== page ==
Today, the grandeur and magnificence of the Honmaru Great Hall can be witnessed through its ornate wall decorations, notably the "Partition Painting of Phoenixes from the Honmaru Great Hall of Sendai Castle" (Sendaijo Honmaru Ohiroma Shohekiga Ho-oh Zu) owned by Matsushima Town. This artwork adorns the Jodan-no-ma (upper room), where the feudal lord would sit within the Honmaru Great Hall. Reflecting the indomitable spirit of Date Masamune, a prominent feudal lord from the Sengoku period, the painting portrays a pair of phoenixes in bold colors against a background of golden clouds and gilded ground. Another notable piece is the "Senmenzu Byobu" (folding screen with fan-shaped paintings) owned by Sendai City Museum, which is a remounted version of the wall decoration from the Michodai throne. This exquisite work exudes an elegant and refined allure with its fan-shaped depictions of renowned locations and intricate floral patterns, all set on a ground adorned with scattered silver foil. In the Honmaru Great Hall, the captivating artworks, enriched with vibrant colors enhanced by gold and silver elements, contribute to the creation of a truly beautiful and opulent palace.

At Sendai Castle Kenbunkan, a facility constructed on the Honmaru site, visitors can experience a complete reconstruction of the part of Jodan-no-ma in full scale with the printing of "Partition Painting of Phoenixes from the Honmaru Great Hall of Sendai Castle" Additionally, they can observe a meticulously crafted 1/50th scale model of the Honmaru Great Hall. This offers visitors a unique opportunity to grasp the immense scale and breathtaking magnificence of the castle.

The Items Used by Date Masamune Exude a his Sense of Aesthetics

Date Masamune's innovative sense of aesthetics is expressed in his armors, attire, and personal belongings. The highlight of those objects is the " Set of armor, gomai-do gusoku type" (Kuro Urushi Gomai-do Gusoku) owned by Date Masamune and so it is desighnated in an Important Cultural Property. It shows Masamune's distinct taste for beauty in combination of black body consisted of five iron plates, a Suji-kabuto helmet constructed from 62 iron plates, and a gold-leaf covered ornament, or Maedate, designed with an asymmetrically-shaped crescent moon motif. The Gomai-do (five-panel body) style, also known as Sendai-do, was handed down through successive lords and vassals.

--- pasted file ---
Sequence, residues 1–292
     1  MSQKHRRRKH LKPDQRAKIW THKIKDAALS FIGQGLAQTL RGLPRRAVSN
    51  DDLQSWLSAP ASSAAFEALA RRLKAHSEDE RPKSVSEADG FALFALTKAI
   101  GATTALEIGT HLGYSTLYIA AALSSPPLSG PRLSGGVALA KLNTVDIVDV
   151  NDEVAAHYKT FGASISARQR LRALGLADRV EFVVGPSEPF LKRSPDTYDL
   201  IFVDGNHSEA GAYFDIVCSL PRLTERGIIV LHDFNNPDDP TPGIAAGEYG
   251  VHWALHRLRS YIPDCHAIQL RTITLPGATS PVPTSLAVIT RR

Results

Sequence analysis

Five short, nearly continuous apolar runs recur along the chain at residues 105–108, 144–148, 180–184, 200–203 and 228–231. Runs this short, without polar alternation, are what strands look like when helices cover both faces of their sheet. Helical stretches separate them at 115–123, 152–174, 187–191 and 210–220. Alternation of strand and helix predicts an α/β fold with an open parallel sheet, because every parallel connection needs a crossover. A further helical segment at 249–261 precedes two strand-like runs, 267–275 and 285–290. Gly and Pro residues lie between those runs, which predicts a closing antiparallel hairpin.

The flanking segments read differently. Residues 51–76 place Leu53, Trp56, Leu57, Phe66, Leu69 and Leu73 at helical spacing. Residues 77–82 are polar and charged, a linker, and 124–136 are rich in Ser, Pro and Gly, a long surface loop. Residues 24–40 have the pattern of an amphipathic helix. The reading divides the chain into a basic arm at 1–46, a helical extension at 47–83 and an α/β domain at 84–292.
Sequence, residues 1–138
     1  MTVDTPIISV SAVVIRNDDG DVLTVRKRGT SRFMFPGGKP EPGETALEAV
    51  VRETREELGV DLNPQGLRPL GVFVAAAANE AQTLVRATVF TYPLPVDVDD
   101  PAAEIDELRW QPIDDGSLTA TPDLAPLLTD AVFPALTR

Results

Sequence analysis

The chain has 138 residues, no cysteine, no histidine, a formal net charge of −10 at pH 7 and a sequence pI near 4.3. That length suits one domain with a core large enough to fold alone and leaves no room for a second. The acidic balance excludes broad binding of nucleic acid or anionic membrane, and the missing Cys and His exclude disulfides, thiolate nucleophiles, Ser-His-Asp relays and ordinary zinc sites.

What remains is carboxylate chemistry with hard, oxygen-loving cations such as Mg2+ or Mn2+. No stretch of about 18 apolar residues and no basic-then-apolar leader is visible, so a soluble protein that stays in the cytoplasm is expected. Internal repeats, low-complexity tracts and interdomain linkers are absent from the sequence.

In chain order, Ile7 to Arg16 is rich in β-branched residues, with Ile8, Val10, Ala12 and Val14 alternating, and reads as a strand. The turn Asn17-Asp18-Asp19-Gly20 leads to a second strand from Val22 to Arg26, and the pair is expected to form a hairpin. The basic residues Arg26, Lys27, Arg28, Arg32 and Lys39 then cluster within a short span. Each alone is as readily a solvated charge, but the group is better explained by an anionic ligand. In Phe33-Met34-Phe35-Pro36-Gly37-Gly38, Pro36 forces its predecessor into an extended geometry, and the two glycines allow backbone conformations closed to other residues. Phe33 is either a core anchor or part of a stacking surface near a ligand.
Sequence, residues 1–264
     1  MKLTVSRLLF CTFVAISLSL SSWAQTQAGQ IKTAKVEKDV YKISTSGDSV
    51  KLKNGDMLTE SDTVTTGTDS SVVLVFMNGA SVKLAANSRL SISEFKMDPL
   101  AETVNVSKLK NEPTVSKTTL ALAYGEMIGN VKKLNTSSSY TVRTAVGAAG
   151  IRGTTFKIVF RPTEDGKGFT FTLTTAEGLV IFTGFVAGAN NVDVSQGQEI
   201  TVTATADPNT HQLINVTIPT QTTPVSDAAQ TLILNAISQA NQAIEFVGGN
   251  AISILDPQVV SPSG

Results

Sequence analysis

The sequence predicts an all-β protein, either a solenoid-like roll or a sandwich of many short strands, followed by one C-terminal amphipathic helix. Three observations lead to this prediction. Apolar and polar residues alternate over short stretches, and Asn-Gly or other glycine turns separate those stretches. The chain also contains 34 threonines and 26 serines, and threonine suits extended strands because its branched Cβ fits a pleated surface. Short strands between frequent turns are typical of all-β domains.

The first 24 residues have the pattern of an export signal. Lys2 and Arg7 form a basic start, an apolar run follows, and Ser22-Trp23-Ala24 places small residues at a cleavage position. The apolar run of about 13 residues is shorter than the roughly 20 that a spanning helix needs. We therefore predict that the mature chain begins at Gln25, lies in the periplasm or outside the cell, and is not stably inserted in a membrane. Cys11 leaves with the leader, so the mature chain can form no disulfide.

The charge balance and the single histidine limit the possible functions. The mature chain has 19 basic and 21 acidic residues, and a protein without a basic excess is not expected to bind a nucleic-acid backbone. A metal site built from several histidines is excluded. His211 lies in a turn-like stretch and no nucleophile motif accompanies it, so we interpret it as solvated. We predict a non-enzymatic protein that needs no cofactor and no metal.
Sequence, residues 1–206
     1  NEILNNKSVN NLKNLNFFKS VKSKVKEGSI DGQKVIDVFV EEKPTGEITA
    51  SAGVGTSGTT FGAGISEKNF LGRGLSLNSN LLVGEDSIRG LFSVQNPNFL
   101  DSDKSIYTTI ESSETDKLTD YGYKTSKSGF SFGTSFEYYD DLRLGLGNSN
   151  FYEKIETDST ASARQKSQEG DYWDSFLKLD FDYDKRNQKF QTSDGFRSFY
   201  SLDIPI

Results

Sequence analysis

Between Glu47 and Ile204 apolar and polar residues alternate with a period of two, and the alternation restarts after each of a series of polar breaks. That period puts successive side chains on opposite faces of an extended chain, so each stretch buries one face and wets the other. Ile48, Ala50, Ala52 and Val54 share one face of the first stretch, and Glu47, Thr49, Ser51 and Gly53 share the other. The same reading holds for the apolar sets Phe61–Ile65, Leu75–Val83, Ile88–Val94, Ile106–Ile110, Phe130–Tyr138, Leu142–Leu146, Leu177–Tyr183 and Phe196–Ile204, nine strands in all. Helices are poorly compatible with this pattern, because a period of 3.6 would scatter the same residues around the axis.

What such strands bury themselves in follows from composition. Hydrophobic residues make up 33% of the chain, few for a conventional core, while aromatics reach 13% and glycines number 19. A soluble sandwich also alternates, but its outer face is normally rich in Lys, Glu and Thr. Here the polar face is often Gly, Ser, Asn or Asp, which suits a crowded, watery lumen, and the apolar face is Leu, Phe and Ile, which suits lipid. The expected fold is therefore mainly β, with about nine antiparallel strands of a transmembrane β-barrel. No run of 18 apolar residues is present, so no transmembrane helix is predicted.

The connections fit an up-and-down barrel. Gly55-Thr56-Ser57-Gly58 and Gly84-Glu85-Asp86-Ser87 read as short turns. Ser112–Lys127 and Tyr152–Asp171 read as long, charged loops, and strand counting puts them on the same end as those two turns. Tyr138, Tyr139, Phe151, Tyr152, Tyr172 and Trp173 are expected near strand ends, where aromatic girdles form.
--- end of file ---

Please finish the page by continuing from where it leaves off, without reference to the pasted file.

The "black wool jinbaori surcoat with red mountains motif" (Yamagata Monyo Jinbaori owned by Date Masamune), designated as an Important Cultural Property, is another of Masamune's esteemed costumes. This attire features  black woolen fabic adorned with intricate gold and silver braid, while the scarlet hem shows a zigzag pattern using a delicate technique where seams remain invisible even from the back side. Such features including the remnants of Ruff subtly shows elements of the Nanban style that prevailed during the Momoyama period (1573-1603).

The possessions cherished and utilized by Masamune were laid to rest alongside his body in Zuihoden Mausoleum, his final resting place. During excavations at the site, a smoking pipe, a sword, and a gold brooch, which is thought to have been crafted overseas, were also discovered.

These costumes and personal belongings are currently housed in the Sendai City Museum. While the Sendai City Museum is temporarily supposed to be closed until the end of March 2024 due to extensive renovations, visitors can still view a replica of the "Set of armor, gomai-do gusoku type'' at the Sendai Ryokusaikan, a Visitor Center constructed at the base of the Sendai Castle Ruins (until early March 2024).

Matsushima, a Scenic Spot in Tohoku, Boasts Buildings Associated With Date Masamune

(Photo courtesy of Miyagi Prefecture Tourism Promotion Division)

Matsushima, a destination with over 260 islands of varying sizes floating in a tranquil bay, remains a beloved tourist spot in the Tohoku region to this day. Revered as an Utamakura—a place celebrated in classical Japanese poetry—Matsushima has captivated the hearts of people from the capital and beyond. Date Masamune, well-versed in the significance of Utamakura, constructed a temporary residence at this revered site, where he hosted lively gatherings. Masamune's profound sentiments were passed down to subsequent lords of the domain, who continued to cherish and protect this sacred land of Utamakura. Furthermore, Masamune held great respect for the history and traditions entrenched in the Tohoku region. As the Sendai Domain was situated in the ancient Mutsu Province, he dedicated efforts to revive and rejuvenate the once-thriving historical sites in the area. Thus, Matsushima became the dwelling place for numerous points of interest associated with Masamune and the successive lords of his clan.